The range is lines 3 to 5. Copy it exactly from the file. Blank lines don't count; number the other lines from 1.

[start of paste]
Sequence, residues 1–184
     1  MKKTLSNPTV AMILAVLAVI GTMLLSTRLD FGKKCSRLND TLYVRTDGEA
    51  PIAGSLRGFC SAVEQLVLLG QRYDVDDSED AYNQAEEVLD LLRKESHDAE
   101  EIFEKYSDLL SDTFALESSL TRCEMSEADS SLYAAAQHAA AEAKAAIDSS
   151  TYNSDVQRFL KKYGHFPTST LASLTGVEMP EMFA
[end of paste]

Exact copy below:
    51  PIAGSLRGFC SAVEQLVLLG QRYDVDDSED AYNQAEEVLD LLRKESHDAE
   101  EIFEKYSDLL SDTFALESSL TRCEMSEADS SLYAAAQHAA AEAKAAIDSS
   151  TYNSDVQRFL KKYGHFPTST LASLTGVEMP EMFA